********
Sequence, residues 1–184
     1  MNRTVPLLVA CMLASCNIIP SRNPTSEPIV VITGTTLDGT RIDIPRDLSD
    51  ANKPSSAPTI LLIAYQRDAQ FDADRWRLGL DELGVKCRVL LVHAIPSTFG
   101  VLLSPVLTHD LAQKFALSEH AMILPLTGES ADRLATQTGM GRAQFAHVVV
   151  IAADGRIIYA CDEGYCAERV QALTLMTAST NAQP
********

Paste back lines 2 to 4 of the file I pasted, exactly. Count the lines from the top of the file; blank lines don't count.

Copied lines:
     1  MNRTVPLLVA CMLASCNIIP SRNPTSEPIV VITGTTLDGT RIDIPRDLSD
    51  ANKPSSAPTI LLIAYQRDAQ FDADRWRLGL DELGVKCRVL LVHAIPSTFG
   101  VLLSPVLTHD LAQKFALSEH AMILPLTGES ADRLATQTGM GRAQFAHVVV